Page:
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Renters Get New Protection From Foreclosure

Renters just scored a big win against foreclosure.

You might think renters don't have to worry about losing their homes to the bank. But many have been turned out onto the street--although they were current on their rent--because the landlord wasn't current with his mortgage payments. The National Low Income Housing Coalition estimates that 40 percent of the households that lose their homes to foreclosure are renters evicted after the bank takes the home from their landlord.

Renters now have more protection against losing their homes under the new foreclosure prevention bill President Obama signed into law yesterday.

Starting immediately, the law requires that tenants who pay their rent on time can remain in their home until the end of their lease, unless the bank sells the property to someone who intends to make it his own residence. Even without a lease, renters must be allowed to stay in their home for 90 days after the foreclosure. The provision is scheduled to expire at the end of 2012.

Jurisdictions that already have more stringent renter-protection laws in place won't see the rules loosened by the new federal law. The District, for example, already protects renters from being evicted during the term of their lease unless they fail to pay rent or provide another just cause for eviction. The National Law Center on Homelessness and Poverty has a state-by-state description of eviction and foreclosure laws on its Web site.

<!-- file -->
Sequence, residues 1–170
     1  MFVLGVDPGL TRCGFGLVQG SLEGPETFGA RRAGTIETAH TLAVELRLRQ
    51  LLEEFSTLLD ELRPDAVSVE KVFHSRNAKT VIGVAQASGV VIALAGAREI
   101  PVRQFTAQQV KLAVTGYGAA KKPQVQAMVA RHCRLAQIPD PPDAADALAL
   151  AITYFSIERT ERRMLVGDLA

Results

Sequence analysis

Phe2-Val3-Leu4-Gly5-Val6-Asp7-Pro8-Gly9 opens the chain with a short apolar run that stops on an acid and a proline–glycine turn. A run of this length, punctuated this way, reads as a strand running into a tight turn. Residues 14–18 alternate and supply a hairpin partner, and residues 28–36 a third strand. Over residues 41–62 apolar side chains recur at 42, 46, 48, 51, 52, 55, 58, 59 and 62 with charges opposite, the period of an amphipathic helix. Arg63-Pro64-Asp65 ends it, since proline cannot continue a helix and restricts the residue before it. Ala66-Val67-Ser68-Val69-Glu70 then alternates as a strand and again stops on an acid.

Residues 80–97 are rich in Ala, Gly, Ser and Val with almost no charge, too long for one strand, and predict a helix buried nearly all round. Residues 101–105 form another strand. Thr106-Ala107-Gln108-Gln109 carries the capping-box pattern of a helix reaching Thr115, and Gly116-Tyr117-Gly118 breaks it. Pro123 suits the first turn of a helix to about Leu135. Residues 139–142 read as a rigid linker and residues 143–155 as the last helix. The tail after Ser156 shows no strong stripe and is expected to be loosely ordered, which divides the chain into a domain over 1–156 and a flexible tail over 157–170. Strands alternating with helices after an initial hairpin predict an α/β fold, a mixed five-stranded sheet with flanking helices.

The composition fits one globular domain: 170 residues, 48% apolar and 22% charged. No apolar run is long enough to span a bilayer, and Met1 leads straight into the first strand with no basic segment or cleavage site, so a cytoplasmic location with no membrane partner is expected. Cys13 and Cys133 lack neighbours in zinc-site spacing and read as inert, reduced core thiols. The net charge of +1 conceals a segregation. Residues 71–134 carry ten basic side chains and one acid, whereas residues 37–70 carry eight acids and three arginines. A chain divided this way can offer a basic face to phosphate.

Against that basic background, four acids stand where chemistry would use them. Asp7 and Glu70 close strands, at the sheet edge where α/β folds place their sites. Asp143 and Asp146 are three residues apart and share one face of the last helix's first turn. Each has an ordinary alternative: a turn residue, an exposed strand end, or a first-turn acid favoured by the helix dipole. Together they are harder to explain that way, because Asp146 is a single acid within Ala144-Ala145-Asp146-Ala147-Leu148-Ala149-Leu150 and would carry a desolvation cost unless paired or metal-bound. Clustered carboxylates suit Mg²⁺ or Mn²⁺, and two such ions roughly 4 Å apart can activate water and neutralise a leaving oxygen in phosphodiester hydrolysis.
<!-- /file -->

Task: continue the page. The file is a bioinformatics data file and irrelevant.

By Elizabeth Razzi  |  May 21, 2009; 6:00 AM ET
Categories:  Foreclosure  
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At the very least it will be interesting to see how this plays out. Unfortunately we feel that law makers have missed the boat again. Of the tenants we have talked to over the last year, the vast majority of them would rather have the option of ending their lease and finding more stable housing than being saddled with an unwilling landlord. Imagine the disruption of your life as you try to live in a property in foreclosure. The current landlord does not care about you as a tenant, how quick do you think the landlord is going to be when it comes to repairs or maintenance? There are constantly people coming to look at the property for the lender, real estate agents, appraisers, environmental specialists, investors. Then after all that the foreclosure is completed and the tenant has a new, even less enthusiastic, landlord. The new landlord, usually the bank, has no interest in being a landlord whatsoever! Their single goal is to get rid of the property which means the property goes on the market as soon as possible and more of the tenant's right to quite enjoyment goes out the window.

We applaud the administration’s efforts and we know that their intentions are good however lets think about giving tenants a choice in their own destiny instead of chaining them to a bad situation.

Renters can find out online if their landlord is in foreclosure at

Posted by: shawnshepherd | May 21, 2009 9:07 AM | Report abuse

A step in the right direction for protecting families and individuals who rent, however, an incomplete step. Renters who are locked into a lease with a landlord in foreclosure should be given the opportunity to exit the lease early in order to find a more stable long-term rental. My two cents. Mark;

Posted by: mark631 | May 24, 2009 12:02 PM | Report abuse

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